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What to do with IRA
Old 05-22-2023, 06:41 AM   #1
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What to do with IRA

So I'm 63 and am happily employed with no thoughts of retirement until at least 70 when I'll get 4200 / month from SS.

In the meantime, I've got an IRA that's got close to 600k in it. I haven't put anything in it for 4 years and it's not really growing. Putting pretax money in it would only serve as a tax break.

I do have a 401k that I do put pretax money in; it has around 60k in it.

What should I do with that IRA?

A few other items to mention: my house and cars are paid off, I have no debt.
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Old 05-22-2023, 06:57 AM   #2
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It sounds like you're interested in getting perspectives on what asset classes would be appropriate for someone in your shoes? You will find that this is a highly personal decision. Many of us here define an asset allocation target and try to stick to it. That means a certain percentage in equities and a certain percentage in fixed income. If your 401k has a stable value fund, that can be a good fixed income choice.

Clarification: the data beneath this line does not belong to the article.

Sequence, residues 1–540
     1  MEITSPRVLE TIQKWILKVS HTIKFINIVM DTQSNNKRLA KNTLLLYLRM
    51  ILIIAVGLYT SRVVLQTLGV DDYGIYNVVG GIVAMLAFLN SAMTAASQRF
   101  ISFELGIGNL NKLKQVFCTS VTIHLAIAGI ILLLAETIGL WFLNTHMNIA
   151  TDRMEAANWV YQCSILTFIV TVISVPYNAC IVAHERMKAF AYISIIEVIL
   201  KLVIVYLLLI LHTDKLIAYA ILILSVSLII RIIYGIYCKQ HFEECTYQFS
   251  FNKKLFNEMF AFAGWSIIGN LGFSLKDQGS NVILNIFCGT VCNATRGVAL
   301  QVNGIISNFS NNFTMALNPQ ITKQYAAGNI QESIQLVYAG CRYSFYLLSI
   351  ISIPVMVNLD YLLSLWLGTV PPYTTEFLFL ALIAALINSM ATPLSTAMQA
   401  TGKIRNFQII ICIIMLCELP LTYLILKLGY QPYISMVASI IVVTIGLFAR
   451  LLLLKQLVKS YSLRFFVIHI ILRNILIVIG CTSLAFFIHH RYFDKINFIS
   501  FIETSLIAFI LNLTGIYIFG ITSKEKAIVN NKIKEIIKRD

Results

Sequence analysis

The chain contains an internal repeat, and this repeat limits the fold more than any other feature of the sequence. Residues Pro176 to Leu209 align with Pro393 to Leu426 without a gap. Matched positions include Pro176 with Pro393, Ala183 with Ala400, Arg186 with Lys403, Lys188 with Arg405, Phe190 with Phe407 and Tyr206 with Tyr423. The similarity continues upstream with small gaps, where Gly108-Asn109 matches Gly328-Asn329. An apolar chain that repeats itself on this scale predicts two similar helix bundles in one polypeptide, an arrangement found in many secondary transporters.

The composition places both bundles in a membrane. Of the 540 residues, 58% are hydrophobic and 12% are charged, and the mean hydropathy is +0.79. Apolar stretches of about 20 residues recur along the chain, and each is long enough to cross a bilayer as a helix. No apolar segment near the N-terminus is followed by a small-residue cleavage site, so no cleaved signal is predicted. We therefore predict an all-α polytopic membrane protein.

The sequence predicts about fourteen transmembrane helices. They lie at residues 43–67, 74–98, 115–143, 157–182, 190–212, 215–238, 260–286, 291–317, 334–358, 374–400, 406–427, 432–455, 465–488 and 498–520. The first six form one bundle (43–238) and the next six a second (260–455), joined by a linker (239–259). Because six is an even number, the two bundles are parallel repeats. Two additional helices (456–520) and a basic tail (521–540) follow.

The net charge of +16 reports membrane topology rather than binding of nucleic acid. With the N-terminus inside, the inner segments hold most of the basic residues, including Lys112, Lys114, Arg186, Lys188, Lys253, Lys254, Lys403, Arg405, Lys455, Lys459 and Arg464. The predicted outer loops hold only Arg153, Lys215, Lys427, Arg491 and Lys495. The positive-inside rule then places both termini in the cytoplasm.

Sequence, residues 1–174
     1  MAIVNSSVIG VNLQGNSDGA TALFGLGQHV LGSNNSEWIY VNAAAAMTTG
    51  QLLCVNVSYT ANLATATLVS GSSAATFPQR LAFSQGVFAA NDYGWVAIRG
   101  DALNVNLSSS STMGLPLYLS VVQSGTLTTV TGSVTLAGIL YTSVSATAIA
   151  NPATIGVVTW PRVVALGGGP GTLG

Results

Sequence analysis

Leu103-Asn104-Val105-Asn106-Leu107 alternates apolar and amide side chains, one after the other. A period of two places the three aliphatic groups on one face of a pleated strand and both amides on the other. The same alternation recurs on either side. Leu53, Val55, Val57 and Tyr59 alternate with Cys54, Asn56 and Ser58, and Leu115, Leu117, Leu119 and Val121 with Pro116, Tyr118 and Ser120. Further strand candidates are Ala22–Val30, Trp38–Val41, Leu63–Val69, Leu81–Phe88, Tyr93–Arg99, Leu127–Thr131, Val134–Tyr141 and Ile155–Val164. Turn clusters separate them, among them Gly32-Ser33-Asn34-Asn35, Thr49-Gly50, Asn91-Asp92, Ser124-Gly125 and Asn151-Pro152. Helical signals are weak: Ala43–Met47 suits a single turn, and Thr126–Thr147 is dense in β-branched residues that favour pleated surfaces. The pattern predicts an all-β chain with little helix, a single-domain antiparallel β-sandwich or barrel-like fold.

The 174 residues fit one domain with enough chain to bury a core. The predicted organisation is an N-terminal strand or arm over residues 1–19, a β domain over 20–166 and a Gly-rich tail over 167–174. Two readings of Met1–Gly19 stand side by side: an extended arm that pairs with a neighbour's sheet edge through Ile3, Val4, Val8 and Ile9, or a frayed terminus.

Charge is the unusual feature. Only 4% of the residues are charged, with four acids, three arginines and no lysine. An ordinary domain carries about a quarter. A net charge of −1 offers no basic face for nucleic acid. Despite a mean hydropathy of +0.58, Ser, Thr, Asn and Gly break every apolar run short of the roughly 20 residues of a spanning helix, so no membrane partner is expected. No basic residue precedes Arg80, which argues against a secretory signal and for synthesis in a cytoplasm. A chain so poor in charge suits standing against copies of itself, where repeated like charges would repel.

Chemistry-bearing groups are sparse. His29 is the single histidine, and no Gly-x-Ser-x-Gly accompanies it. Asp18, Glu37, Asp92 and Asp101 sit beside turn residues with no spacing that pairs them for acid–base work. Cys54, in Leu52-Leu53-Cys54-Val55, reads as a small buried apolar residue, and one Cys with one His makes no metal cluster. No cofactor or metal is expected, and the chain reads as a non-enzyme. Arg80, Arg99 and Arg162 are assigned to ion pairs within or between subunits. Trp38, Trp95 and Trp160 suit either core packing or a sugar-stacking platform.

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Old 05-22-2023, 07:15 AM   #3
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One thing I would spend some time on is a long-term tax plan (considering RMDs, IRMAA, etc). You could make Roth conversions or if your tax rate is high now, maybe contribute more to your IRA that, as you said, "only serve as a tax break".
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Old 05-22-2023, 07:23 AM   #4
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One thing I would spend some time on is a long-term tax plan (considering RMDs, IRMAA, etc). You could make Roth conversions or if your tax rate is high now, maybe contribute more to your IRA that, as you said, "only serve as a tax break".
I've thought about doing some Roth conversions but my tax rate is too high right now.
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Old 05-22-2023, 07:40 AM   #5
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Originally Posted by unixfreak View Post
I've got an IRA that's got close to 600k in it. I haven't put anything in it for 4 years and it's not really growing.

What should I do with that IRA?
What are you invested in? Do you have access to a money market fund? At the moment, a lot of my fixed income allocation is earning 4.73% in SPAXX (IRA) and 4.97% in FIGXX (410k) at Fidelity.
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Old 05-22-2023, 07:52 AM   #6